Multiple Vulnerabilities in TCExam

Nick Manfredi
Jun 9, 2020 · 4 min read

Online learning has seen an increase in activity during the coronavirus pandemic. Multiple vulnerabilities were identified in TCExam, a popular online testing system that could have allowed a remote, unauthenticated attacker to gain administrative access to the e-exam system.

The self-registration form on TCExam, a popular, open source e-exam system


At the end of April, over 1.2 billion children around the globe were out of the classroom due to the coronavirus pandemic, according to the World Economic Forum. [1] Many students have seen their courses move online, necessitating tools for remote assessment: an EDUCAUSE poll conducted on April 7, 2020, found that over three-quarters of higher education institutions surveyed may move to online exams, with 54% already doing so. [2] Now, more than ever, it’s important to secure these online learning resources.

One option for educators looking to make the switch to online assessment is TCExam. TCExam is a popular open-source system for computer-based testing that has been translated into 26 different languages. The platform allows educators to create exams for students and deliver them remotely.

I was curious about the security of this platform, so I downloaded and set up the latest version of the software, 14.2.2, and discovered multiple vulnerabilities that compromise the confidentiality, integrity, and availability of the testing system.

XSS and Insecure Direct Object Reference

Some of the first bugs found were stored XSS. By submitting malicious input to the application and looking through the PHP echo statements in the codebase for places where user input was displayed without sanitization, I found 6 XSS vulnerabilities.

I realized, for example, that an unauthenticated, remote attacker could store XSS payloads in the TCExam database via the self-registration form, which is enabled by default. By exploring the functionality available to an administrator of the system, I discovered that an XSS payload in a username would be executed when the administrator updated or deleted the user, as seen below, and that payloads in the user’s first and last name were executed when an administrator went to view online users.

An XSS payload stored in a username will fire when an administrator updates or deletes that user.

Additionally, I tried editing URL GET parameters on various pages. I found that authenticated student users are able to view metadata for exams that they don’t have permission to access. The following picture shows a student user viewing the metadata of an exam that is only available to members of a group of which they are not a part.

A student user can view the metadata of tests which they don’t have permission to take.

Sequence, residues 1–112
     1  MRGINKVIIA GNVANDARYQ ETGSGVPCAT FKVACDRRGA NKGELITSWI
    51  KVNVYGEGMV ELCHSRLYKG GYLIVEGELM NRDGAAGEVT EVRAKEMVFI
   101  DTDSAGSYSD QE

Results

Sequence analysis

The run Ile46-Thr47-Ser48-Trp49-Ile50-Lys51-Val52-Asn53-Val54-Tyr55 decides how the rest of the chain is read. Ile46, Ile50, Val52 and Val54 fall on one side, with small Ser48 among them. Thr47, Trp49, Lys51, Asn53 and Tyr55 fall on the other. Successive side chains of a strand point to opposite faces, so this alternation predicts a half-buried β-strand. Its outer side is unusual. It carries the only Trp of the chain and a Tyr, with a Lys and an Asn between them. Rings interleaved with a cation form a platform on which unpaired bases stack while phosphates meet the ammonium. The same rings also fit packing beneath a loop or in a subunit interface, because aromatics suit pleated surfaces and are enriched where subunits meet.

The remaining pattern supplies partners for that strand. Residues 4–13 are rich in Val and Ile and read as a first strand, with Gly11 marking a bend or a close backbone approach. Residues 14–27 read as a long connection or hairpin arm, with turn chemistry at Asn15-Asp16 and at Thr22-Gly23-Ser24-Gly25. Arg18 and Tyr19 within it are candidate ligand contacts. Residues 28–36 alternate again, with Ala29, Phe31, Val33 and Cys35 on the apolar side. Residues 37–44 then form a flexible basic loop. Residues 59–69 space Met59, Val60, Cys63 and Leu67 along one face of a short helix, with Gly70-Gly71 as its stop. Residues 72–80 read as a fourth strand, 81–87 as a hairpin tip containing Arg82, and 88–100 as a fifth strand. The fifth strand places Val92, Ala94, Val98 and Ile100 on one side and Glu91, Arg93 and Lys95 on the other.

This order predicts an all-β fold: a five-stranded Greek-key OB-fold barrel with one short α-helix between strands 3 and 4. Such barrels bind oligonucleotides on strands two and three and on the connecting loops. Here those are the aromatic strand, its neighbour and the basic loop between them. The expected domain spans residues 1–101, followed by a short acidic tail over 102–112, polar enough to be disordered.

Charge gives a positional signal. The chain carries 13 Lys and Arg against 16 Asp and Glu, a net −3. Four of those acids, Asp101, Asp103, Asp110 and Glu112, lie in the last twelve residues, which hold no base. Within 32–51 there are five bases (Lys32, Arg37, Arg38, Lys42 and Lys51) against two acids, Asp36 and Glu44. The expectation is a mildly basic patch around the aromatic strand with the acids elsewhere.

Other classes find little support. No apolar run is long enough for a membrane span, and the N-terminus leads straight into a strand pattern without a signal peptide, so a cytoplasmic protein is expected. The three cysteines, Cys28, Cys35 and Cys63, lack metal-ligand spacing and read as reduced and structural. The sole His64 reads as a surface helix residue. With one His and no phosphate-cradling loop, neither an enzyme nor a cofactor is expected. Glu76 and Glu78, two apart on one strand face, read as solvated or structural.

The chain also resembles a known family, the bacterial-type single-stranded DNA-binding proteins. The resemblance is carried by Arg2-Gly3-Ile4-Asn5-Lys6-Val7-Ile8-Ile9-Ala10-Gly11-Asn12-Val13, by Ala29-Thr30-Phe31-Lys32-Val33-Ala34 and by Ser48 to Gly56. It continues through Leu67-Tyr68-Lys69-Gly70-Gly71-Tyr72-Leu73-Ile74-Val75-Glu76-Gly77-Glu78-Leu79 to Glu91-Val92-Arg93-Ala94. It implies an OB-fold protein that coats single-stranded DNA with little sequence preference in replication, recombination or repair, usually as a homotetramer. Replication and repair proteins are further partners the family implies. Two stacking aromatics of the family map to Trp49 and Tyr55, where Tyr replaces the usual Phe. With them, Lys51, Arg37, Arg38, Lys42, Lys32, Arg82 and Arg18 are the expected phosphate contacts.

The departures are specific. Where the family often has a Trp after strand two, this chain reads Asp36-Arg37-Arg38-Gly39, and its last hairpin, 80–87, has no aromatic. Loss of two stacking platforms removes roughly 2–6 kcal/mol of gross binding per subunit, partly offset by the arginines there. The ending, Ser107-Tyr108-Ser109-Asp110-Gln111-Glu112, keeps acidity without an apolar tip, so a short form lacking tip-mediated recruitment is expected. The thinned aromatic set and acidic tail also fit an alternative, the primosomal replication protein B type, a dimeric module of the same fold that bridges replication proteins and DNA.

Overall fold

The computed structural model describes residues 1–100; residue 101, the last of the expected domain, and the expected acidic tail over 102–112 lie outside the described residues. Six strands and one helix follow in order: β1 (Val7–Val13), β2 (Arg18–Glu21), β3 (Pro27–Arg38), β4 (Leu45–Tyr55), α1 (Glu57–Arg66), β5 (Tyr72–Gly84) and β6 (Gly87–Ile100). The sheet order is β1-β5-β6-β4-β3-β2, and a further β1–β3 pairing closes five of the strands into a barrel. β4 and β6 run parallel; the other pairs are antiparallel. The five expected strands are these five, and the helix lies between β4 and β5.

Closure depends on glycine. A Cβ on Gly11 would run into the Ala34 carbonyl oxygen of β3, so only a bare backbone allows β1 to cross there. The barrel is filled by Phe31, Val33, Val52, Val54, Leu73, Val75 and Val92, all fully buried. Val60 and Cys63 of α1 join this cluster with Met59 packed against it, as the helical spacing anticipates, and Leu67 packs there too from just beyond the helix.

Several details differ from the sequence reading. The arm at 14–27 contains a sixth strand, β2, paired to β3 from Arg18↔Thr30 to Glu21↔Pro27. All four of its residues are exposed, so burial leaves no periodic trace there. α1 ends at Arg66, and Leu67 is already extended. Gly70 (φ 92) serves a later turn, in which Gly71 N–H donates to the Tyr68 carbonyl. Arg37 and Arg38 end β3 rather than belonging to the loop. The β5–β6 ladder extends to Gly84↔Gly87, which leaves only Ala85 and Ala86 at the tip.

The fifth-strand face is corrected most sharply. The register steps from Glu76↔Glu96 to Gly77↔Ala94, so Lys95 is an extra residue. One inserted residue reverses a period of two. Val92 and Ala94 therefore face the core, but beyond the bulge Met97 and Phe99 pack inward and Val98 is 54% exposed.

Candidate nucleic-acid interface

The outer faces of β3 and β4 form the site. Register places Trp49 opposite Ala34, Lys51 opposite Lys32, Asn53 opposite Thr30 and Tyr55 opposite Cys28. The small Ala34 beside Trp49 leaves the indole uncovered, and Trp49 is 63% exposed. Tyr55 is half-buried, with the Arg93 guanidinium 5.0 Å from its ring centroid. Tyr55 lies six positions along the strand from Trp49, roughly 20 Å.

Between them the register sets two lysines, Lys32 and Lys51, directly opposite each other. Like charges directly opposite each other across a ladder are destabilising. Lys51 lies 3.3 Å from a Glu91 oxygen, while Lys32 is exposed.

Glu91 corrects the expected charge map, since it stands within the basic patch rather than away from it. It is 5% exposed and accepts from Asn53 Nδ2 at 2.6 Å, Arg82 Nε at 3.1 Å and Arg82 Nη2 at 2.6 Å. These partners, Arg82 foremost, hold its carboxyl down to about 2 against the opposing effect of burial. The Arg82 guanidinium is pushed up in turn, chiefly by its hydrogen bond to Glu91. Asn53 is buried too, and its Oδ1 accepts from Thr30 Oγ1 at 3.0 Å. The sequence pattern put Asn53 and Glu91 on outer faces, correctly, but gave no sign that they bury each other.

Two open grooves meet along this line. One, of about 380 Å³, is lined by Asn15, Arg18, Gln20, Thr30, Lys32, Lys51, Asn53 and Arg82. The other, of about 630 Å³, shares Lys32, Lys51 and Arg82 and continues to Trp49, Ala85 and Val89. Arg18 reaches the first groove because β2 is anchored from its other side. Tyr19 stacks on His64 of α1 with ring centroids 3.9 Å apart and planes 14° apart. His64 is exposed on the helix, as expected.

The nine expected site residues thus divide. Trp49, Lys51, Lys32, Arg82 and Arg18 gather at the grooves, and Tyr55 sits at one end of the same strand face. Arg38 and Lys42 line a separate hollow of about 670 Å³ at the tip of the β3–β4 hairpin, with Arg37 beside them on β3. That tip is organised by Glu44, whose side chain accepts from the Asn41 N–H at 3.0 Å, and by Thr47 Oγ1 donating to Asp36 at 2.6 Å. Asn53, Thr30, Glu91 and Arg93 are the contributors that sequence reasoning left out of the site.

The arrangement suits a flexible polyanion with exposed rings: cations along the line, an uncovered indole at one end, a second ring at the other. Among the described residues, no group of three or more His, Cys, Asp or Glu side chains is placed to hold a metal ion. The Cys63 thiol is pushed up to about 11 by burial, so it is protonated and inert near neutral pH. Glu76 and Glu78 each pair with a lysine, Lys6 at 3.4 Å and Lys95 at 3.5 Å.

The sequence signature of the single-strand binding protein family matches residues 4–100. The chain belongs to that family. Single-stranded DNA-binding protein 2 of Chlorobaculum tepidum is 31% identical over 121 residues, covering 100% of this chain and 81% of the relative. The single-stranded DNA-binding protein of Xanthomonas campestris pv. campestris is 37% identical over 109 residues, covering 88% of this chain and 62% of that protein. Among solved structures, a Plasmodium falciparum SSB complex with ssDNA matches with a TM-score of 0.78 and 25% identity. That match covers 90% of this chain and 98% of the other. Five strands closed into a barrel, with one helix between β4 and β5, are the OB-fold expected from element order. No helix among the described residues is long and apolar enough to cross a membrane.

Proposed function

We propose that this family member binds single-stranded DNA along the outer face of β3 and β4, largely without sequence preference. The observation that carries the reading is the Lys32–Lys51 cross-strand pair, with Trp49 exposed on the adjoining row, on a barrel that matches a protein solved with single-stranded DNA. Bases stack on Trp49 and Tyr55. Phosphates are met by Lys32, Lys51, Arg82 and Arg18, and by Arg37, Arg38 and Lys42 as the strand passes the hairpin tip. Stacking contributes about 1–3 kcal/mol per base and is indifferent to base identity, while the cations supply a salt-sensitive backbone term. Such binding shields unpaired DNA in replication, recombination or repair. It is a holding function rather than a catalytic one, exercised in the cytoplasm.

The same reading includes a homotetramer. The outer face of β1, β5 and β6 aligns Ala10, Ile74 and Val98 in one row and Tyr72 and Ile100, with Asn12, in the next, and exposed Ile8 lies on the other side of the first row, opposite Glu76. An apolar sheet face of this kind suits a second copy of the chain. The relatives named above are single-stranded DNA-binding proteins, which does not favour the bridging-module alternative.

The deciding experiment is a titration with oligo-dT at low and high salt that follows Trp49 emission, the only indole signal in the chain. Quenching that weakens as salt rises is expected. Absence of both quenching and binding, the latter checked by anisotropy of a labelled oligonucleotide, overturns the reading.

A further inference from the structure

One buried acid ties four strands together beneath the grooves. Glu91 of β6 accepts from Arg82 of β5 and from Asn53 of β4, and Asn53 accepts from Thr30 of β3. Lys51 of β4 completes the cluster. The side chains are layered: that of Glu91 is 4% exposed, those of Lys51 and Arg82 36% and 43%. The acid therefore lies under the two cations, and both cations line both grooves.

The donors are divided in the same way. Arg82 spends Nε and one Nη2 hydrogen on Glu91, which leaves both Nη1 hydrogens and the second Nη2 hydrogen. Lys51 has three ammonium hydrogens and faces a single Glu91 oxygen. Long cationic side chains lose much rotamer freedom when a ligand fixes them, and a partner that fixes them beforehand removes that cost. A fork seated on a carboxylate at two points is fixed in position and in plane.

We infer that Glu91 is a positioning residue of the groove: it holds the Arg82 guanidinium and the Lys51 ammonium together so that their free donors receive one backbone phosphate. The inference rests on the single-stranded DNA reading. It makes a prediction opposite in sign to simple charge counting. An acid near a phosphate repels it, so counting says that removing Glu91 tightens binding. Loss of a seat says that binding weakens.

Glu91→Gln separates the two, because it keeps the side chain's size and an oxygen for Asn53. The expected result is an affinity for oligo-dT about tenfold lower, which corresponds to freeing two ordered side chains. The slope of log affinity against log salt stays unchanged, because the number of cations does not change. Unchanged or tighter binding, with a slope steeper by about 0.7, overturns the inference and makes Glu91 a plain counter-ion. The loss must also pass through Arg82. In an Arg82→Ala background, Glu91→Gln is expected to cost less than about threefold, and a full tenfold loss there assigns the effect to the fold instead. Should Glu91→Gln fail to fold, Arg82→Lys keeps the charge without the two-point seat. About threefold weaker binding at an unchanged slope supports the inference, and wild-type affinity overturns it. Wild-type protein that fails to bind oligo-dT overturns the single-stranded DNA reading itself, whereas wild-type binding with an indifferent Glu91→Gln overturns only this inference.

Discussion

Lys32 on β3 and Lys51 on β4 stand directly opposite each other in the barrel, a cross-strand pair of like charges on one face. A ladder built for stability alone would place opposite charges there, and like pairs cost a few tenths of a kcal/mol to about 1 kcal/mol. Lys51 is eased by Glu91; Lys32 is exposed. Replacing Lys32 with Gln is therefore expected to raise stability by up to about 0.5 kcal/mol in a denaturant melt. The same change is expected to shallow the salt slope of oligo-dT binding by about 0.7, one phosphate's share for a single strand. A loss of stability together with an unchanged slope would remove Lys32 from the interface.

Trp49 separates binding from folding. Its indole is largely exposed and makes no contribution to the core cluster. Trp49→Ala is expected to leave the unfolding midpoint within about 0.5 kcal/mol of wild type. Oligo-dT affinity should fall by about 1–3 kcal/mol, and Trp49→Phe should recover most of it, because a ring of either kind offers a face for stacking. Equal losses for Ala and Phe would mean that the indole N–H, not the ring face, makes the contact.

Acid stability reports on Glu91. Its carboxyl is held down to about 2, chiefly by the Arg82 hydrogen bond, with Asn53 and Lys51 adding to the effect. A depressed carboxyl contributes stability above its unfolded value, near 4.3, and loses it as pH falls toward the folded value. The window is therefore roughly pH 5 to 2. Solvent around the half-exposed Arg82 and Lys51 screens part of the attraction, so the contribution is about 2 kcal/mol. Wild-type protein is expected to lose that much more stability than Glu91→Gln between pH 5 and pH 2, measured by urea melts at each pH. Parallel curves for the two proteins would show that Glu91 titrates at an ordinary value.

Authenticated Directory Traversal / Arbitrary File Read

I also used Burp Suite to edit the parameters of POST requests. I knew that administrators were able to download backup files, and with Burp Suite I saw that the POST parameter for the backup file was not sufficiently validated. So, I was able to grab the contents of /etc/passwd, as seen below.

Editing a post parameter can expose the contents of the server’s /etc/passwd


TCExam offered no protection against CSRF attacks. By tricking a legitimate user into clicking a malicious link in a browser with an active TCExam session, unauthenticated, remote attackers were able to fire off valid application requests in order to, for instance, change the admin’s own password and gain administrative access to the TCExam platform.

Chris Lyne pointed out that this can be combined with the unauthenticated XSS vulnerabilities mentioned above. By, for example, self-registering a username with a crafted HTML script tag, an attacker can cause an administrator to issue a request to a server under the control of the attacker. The attacker can then log the request headers as well as the PHPSESSID and LastVisit cookies and use these to issue a curl request that changes the admin’s password. The request headers are necessary in order to bypass a security check on the browser’s fingerprint.


If exploited, an unauthenticated, remote attacker could use these vulnerabilities to gain administrative access to TCExam. A student could exploit these vulnerabilities to, for example, view the grades of other students in their course, or to change other student’s passwords and fail their exams.

Vendor Response

Tenable notified of these vulnerabilities on May 6. They quickly acknowledged and released TCExam version 14.2.3 to address them on the same day.

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